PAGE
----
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New Analysis Shows that Calcium Does Not Prevent Potentially Fatal Disorder of Pregnancy

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August 17, 1999

A new mathematical analysis of a previous study shows that calcium supplements do not prevent preeclampsia in women at low risk for the condition. Preeclampsia is a dangerous, sometimes fatal, disorder of pregnancy that often strikes without warning.

The re-analysis, conducted by researchers at the National Institute of Child Health and Human Development (NICHD), appears in the August 18 issue of the Journal of the American Medical Association (JAMA).

"The results of this study will provide useful information to pregnant women and their physicians about the use of calcium supplementation during pregnancy," said Duane Alexander, MD, Director of the NICHD.

The NICHD researchers, Rebecca DerSimonian, Ph.D, and Richard J. Levine, M.D., both of NICHD's Division of Epidemiology, Statistics and Prevention Research, undertook the re- analysis to learn why the initial study differed in its conclusion from the NICHD-sponsored calcium supplementation for the prevention of preeclampsia (CPEP) trial. CPEP found that providing pregnant women at low risk for preeclampsia with calcium supplements does not reduce their chances for preeclampsia. (A summary of the CPEP trial, "Study Finds Calcium Does Not Prevent Potentially Fatal Disorder of Pregnancy," appears on the Mass Media page of the NICHD website, at http://www.nichd.nih.gov/newsreleases/.)

The study that Drs. DerSimonian and Levine re-analyzed was a meta-analysis, a statistical technique used to analyze a number of studies with inconclusive or inconsistent results. This study, "Effect of calcium supplementation on pregnancy-induced hypertension and preeclampsia: a meta-analysis of randomized controlled trials," was originally published in JAMA in 1996.

"Pregnant women need calcium," Dr. DerSimonian said. "But taking calcium supplements so that the total calcium consumed exceeds the recommended level for calcium doesn't appear to offer any benefit for women at low risk for preeclampsia." According to the Food and Nutrition Board of the Institute of Medicine, pregnant women age 19 and over need 1000 milligrams of calcium a day. Pregnant girls from ages 14 to 18 need 1300 milligrams of calcium a day.

Briefly, the NICHD authors contended that the studies included in the meta-analysis varied considerably from one another. Because these variations were not taken into consideration, the meta-analysis incorrectly concluded that calcium supplements appear to prevent preeclampsia.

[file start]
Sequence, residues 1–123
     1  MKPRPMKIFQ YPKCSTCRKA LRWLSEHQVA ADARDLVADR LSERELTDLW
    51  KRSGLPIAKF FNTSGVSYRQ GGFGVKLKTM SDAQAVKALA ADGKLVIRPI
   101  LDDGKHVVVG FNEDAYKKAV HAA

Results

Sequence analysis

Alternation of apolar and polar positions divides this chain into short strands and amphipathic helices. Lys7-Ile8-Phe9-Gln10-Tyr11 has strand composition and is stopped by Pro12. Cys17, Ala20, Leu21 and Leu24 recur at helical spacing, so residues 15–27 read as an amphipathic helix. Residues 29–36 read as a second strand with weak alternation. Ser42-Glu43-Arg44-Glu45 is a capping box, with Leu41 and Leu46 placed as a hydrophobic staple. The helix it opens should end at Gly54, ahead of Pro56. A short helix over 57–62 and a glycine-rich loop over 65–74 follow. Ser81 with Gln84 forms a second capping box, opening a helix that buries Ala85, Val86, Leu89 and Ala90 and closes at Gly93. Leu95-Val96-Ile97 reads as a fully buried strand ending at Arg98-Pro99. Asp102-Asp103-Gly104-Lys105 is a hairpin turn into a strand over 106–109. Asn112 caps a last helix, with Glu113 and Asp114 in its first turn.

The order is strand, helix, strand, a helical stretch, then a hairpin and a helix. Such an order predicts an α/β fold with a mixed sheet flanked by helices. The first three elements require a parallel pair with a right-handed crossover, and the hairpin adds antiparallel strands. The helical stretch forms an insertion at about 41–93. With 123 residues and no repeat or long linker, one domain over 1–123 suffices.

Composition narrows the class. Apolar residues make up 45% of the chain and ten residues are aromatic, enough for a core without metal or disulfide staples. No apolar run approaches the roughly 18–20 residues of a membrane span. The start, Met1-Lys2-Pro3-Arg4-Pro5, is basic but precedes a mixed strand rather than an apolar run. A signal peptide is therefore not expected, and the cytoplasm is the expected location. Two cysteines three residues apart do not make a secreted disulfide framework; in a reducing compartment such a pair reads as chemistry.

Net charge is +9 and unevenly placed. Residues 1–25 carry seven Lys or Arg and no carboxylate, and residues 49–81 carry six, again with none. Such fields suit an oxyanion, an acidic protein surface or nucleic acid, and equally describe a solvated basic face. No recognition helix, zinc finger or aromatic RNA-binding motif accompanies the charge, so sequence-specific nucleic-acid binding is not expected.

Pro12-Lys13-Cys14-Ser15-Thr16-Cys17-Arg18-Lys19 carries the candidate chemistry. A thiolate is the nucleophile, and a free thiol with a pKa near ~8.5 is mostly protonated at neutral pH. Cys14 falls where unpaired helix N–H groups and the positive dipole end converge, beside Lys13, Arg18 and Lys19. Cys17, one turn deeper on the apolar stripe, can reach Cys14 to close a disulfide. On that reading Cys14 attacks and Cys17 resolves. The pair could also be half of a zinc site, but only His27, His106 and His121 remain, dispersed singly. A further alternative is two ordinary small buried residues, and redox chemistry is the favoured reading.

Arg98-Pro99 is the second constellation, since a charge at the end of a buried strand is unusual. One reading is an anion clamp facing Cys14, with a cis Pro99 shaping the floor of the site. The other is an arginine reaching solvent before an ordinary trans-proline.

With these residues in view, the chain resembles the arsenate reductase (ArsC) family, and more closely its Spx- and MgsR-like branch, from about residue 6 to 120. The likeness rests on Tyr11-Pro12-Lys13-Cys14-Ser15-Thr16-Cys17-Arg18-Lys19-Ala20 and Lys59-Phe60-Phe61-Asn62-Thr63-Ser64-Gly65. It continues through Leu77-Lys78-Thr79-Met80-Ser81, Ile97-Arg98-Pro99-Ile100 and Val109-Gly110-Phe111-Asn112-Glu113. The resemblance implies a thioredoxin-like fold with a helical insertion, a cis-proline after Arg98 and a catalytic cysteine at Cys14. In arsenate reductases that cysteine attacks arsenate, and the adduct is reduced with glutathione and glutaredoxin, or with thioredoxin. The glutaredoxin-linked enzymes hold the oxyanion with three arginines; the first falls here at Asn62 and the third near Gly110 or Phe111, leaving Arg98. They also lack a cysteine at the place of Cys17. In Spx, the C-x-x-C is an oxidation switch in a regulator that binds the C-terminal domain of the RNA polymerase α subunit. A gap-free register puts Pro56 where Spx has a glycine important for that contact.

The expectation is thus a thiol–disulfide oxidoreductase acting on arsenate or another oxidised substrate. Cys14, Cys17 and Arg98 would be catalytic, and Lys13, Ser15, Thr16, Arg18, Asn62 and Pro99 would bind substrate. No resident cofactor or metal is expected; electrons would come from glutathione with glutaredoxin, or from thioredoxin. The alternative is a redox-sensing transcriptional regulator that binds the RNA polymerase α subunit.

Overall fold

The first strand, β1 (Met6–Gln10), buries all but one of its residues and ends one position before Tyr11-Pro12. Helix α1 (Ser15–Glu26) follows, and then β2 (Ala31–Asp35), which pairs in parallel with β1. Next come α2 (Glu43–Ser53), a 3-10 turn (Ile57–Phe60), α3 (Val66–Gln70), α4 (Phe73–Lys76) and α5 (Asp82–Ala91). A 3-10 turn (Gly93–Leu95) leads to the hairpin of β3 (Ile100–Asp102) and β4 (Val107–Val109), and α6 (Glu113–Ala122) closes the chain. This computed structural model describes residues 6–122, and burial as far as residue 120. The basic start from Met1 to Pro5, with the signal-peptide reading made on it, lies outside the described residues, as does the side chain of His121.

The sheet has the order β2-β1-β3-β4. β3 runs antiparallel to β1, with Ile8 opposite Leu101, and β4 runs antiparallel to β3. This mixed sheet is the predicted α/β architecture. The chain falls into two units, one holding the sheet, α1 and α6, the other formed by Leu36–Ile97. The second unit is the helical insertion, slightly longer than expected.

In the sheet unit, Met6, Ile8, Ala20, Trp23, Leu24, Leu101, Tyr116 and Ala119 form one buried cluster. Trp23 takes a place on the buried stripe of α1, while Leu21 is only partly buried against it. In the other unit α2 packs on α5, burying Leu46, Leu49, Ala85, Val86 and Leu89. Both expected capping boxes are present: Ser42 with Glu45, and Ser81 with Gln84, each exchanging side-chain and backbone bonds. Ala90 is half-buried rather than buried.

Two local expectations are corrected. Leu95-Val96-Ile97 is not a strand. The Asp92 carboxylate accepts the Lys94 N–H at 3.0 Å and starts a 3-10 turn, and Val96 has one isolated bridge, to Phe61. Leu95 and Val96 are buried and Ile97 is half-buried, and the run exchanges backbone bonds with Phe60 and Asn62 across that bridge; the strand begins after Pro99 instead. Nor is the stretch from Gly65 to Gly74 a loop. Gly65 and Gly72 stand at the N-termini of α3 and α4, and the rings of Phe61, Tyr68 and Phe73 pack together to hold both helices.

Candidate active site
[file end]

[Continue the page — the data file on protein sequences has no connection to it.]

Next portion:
In their article, Drs. DerSimonian and Levine noted that many of the studies included in the meta-analysis differed in their definition of preeclampsia. In addition, many of the studies failed to include placebo groups. "In the absence of a placebo-control group," the authors wrote, "any effect of calcium supplementation cannot be distinguished from a placebo effect."

Some of the studies included only women at high risk for preeclampsia, whereas others included only women at low risk for the condition. The studies also differed substantially from each other in the amount of dietary calcium the women consumed, with some women having consumed comparatively low amounts of calcium and others having consumed comparatively high amounts.

After these sources of variation were taken into account, a re-analysis of the combined data from all the studies showed that calcium supplements did not offer any beneficial effects in women at low risk of preeclampsia.

The authors noted that the re-analysis implied a possible benefit of calcium supplementation in high-risk women. They cautioned, however, that the small number of women who took part in these studies and inconsistencies in the data from one study made it difficult to determine if this finding is valid.

"Additional carefully controlled randomized trials are needed to establish whether calcium supplementation may indeed reduce the incidence of preeclampsia in healthy women at high-risk, especially in the presence of low dietary calcium intake," they wrote.

Preeclampsia is a life-threatening complication of pregnancy in which a woman may develop dangerously high blood pressure and begin excreting protein in the urine. About 5 percent of first-time mothers and 1 to 2 percent of mothers having subsequent pregnancies develop the condition. Preeclampsia may occur suddenly, without warning--sometimes in as little as a few hours. In cases where preeclampsia does not progress to eclampsia--convulsions and risk of death--the children born to mothers with preeclampsia may be extremely small for their age or may be born prematurely. This may, in turn, place them at risk for a variety of other complications of birth. Although the high blood pressure accompanying preeclampsia can be treated with blood pressure lowering drugs, the only effective way to end the condition is by delivery.

Last Updated Date: 07/20/2006
Last Reviewed Date: 07/20/2006

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